Night at the Museums allows visitors to interact with history

Published 12:05 am Sunday, August 14, 2016

By Amanda Raymond

SALISBURY — History came alive for a night at the Rowan Museum and Spencer Doll and Toy Museum on Saturday.

The two museums collaborated to host the second annual Night at the Museums event.

The event did not draw the crowd it did last year, but the museums were still full of visitors interacting with volunteers dressed up as historical figures.

The night started at the Spencer Doll and Toy Museum at 108 Fourth St. As visitors entered, Beth Ann Gilland dressed as a Cherokee chief and Hannah Duncan dressed as an Egyptian Pharaoh greeted them. They were given a “key” to the museum, which activated the magic that brought the historical figures to life.

Beth Nance, dressed as a security guard with an orange plastic gun stuck in her waistband, founded the Spencer Doll and Toy Museum with her mother in honor of her late sister Amy, who was an avid doll collector.

She said some characters imitated the ones from “Night at the Museum,” a movie from 2006 staring Ben Stiller and Robin Williams.

Other characters represented aspects of the museum’s current exhibits.

“We’re really just trying to make both museums interactive,” Nance said.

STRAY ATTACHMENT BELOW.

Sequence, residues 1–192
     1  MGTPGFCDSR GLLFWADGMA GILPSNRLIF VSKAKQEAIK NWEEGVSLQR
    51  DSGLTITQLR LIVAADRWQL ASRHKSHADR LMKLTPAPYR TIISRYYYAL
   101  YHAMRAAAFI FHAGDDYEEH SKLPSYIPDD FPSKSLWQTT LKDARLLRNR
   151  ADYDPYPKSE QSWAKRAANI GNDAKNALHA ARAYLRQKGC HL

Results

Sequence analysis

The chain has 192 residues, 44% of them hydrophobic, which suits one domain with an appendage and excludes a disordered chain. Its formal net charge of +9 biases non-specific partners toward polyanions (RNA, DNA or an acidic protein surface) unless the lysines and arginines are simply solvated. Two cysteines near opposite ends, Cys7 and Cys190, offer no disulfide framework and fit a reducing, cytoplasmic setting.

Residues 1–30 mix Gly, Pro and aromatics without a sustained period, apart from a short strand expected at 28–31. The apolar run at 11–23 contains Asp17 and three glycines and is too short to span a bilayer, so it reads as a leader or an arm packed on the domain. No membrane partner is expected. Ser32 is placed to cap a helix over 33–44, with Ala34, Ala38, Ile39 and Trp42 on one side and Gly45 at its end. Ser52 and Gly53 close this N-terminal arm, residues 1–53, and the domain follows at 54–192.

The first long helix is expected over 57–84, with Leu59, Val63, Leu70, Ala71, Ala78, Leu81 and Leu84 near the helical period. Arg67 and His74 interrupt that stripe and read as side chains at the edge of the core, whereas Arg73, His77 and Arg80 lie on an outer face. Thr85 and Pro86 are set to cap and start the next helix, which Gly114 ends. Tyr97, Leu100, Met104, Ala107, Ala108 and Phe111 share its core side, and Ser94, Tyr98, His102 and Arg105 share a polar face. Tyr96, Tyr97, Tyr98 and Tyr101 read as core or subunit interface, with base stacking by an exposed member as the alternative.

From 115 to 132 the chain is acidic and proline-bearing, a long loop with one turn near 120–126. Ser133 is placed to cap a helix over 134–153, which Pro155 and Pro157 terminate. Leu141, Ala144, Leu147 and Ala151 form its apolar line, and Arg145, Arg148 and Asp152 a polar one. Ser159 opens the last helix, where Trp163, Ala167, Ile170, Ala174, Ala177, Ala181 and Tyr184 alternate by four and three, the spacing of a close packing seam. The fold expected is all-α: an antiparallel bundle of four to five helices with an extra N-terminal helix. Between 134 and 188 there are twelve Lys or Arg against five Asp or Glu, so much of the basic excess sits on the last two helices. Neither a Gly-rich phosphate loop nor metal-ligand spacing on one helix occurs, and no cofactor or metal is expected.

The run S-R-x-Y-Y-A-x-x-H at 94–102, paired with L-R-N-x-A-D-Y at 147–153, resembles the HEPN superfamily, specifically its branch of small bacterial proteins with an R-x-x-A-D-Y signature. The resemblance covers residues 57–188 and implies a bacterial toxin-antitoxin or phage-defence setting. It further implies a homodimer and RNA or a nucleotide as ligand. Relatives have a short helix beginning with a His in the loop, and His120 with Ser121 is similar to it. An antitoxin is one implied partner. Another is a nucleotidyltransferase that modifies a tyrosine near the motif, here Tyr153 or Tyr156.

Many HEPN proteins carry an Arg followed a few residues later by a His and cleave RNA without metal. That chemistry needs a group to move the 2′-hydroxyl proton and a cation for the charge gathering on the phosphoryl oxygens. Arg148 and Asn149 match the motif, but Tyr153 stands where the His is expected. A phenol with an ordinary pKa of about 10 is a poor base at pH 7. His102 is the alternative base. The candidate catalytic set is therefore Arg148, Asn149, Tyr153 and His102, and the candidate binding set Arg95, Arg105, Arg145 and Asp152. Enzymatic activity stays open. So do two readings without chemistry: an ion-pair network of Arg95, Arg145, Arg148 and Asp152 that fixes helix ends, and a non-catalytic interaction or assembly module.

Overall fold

Visitors were able to talk with characters including Theodore Roosevelt, played by Steve Cobb, George Washington, played by councilman David Post, and Lord Badin Powell played by Chuck Bowman, all while dodging Caroline Nance dressed as a monkey who bounced around trying to steal people’s keys.

Allison Voss was visiting her grandparents and said her grandmother, Sandy Wagoner, thought she might like attending.

“I think it’s cool to see how generations before us have kept themselves occupied without electronics,” she said.

Wagoner said she told her granddaughter about some of the games and toys she played with growing up, but it was nice that Allison could actually see some of those things.

John Wagoner, Allison’s grandfather and Sandy’s husband, played a railroad conductor.

Kathy Lyerly, her sister Angela Starnes and mother Dot Starnes attended the event as a mother-daughter outing.

Kathy said they missed the event last year, so they made sure they were able to attend this year.

“I just think making history come alive is a fun time,” she said.

Angela said she enjoyed seeing all of the costumes that the volunteers wore.

“I like interacting with the characters,” she said.

Once they were done at the Spencer Doll and Toy Museum, attendees boarded the trolley to the Rowan Museum at 202 N. Main St.

Aaron Kepley, executive director of the museum, said many of the historical figures they chose had local ties, like Daniel Boone, played by Robbie Cochran. Also featured was Harriet Tubman, played by Aleiah Martin, Dr. J.J. Summerell, played by Clyde, and Elizabeth Maxwell Steel, played by Lexsa Turchin.

Visitors were treated to a dinner before hopping back on the trolley to their cars at the Spencer Doll and Toy Museum.

Gray and Allison Wilson attended with their four children and Allison’s parents. They both said they enjoyed the event and all they were able to learn new things from the characters.

“…you learn (interesting things) about the town you may not have learned growing up,” Gray said.

Contact reporter Amanda Raymond at 704-797-4222.